By Mark Potter, NBC News Correspondent
CIUDAD JUAREZ, Mexico -- For more than a year, the headlines from this historic city just south of El Paso, Texas, were horrifying. Drug-related violence, including torture and beheadings, had consumed the area, forcing many citizens, police and local officials to live in fear for their lives.
Last year alone, 1,607 people were killed in Juarez as rival Mexican drug cartels fought among themselves and against the authorities for control of the lucrative smuggling routes from Mexico to the United States. Last month, the average murder rate had climbed to as high as 10 a day. But a tipping point was reached recently when the brazen traffickers forced the Juarez police chief to resign. They did it by following through on a threat to kill a city officer every 48 hours until the chief stepped down. The assassins also posted signs in town saying the mayor was next.
That last threat is where the traffickers seem to have made a critical error. Juarez Mayor Jose Reyes Ferriz (pictured below) wasn't backing down and wouldn't go away. Instead, he fought back.With his city spinning out of control, Mayor Ferriz called for help and got a quick response from the federal government in Mexico City. President Felipe Calderon ordered 5,000 military troops to head immediately for Juarez, reinforcing 2,000 more soldiers already in the area. Some 2,000 federal police officers were also sent in. Their first mission was to take over the local police departments, where corruption ran rampant and more than half of the 1,700-officer force had already been fired and replaced.
Photo by Carlos Rigau
Click here to watch Juarez Mayor Reyes Ferriz and University of Texas El Paso Professor Howard Campbell discuss the drug war being fought on the streets of Juarez, Mexico and the drastic measures being taken to stop it.
Today, the city is under virtual military occupation, but is also a much safer and quieter place. A retired military commander has taken over the police forces and his troops are everywhere, patrolling the streets day and night.
During a visit to Juarez last week, photographer Carlos Rigau and I met with the mayor at his heavily guarded office at city hall. We, along with his bodyguards, also watched as Mayor Reyes talked with residents at a city bus stop downtown. The feedback Reyes got from those commuters was that they felt more at ease now, freer to go about their business without fear, especially at night.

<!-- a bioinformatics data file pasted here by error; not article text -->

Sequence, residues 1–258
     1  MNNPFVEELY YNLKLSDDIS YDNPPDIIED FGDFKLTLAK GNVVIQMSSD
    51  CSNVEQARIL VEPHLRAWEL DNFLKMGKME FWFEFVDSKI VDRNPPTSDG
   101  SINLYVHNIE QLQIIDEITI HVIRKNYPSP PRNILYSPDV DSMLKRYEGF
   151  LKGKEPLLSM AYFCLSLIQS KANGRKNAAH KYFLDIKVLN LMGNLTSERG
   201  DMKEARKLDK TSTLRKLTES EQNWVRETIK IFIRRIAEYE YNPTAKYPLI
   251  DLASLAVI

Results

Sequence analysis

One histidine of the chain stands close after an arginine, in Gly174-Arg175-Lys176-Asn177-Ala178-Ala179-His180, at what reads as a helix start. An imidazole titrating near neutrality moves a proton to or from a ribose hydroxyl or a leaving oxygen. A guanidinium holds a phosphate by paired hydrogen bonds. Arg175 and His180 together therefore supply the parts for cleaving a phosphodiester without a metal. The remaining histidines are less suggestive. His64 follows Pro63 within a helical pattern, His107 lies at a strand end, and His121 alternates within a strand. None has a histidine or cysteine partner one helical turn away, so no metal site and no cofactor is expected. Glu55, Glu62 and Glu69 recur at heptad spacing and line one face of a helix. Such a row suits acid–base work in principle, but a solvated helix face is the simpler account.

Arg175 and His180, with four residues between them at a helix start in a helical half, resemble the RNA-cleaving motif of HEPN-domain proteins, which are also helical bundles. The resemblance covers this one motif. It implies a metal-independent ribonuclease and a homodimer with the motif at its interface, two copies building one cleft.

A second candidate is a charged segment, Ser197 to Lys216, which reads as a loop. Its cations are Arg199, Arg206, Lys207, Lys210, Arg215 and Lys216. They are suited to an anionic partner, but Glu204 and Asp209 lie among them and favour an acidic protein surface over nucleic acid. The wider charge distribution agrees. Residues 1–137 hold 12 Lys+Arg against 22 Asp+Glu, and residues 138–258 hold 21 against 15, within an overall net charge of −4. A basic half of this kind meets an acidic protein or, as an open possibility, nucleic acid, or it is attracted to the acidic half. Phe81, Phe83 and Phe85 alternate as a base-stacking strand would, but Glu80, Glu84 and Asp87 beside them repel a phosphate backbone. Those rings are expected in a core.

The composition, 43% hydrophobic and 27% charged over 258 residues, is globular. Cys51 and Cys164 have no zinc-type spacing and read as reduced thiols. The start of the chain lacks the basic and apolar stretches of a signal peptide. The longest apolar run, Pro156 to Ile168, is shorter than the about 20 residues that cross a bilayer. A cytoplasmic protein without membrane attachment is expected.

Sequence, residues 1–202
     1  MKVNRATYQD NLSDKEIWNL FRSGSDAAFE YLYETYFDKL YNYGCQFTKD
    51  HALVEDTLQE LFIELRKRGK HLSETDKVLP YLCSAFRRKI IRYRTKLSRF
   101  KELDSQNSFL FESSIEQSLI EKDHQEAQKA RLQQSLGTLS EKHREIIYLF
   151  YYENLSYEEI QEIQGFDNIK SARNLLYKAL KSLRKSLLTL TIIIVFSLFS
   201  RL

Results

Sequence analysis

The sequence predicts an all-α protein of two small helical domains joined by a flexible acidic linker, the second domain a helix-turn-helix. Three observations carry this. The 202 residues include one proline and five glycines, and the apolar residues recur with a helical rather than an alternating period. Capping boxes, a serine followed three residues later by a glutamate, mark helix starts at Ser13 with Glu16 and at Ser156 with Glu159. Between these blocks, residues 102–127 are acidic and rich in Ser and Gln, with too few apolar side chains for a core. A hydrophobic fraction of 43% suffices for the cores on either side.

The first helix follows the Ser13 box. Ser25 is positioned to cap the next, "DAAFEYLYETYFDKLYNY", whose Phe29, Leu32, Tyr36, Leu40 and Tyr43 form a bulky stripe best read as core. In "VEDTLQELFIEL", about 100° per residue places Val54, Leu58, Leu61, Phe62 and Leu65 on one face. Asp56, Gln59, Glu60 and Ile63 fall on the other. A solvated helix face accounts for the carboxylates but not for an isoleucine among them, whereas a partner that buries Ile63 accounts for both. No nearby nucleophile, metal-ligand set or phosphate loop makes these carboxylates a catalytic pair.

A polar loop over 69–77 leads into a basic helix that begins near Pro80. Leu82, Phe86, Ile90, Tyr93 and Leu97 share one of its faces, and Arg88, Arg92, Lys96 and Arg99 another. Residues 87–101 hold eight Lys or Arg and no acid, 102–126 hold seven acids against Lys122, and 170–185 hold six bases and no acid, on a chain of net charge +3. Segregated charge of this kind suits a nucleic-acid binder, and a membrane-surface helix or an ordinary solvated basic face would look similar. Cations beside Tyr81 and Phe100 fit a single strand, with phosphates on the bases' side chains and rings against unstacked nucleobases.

The numbers tell an interesting story. As noted earlier, the average murder rate has skyrocketed to 10 a day. But, according to the mayor, as soon as it was announced the troops were on their way, the killing rate plummeted to one a day, and after the soldiers arrived two weeks ago, there has hardly been any killing at all.
While there is much to celebrate about the violence being ended, there are also many concerns and questions to answer. First and foremost is the fact it took military force to bring order in a neighboring democracy. The situation in Juarez was so out of control and the corruption so widespread that civilian authorities and the criminal justice system had been rendered powerless.
Photo by Mark Potter
There are also worries that soldiers often don't make the best policemen, because their training is for a more brutal mission. Human rights activists are on alert.
Mayor Reyes promises the troops will be in Juarez for no more than a year, serving there only until the local police department can be retrained and doubled in size. He argues that it was absolutely necessary to regain control of the city and to reduce the violence--a mission that only the federal government and the military could have performed.
Today there is a calm in Juarez and a sense of relief. There are also grave concerns about how long it will remain quiet and about what happens when the troops finally pack up their weapons and leave town.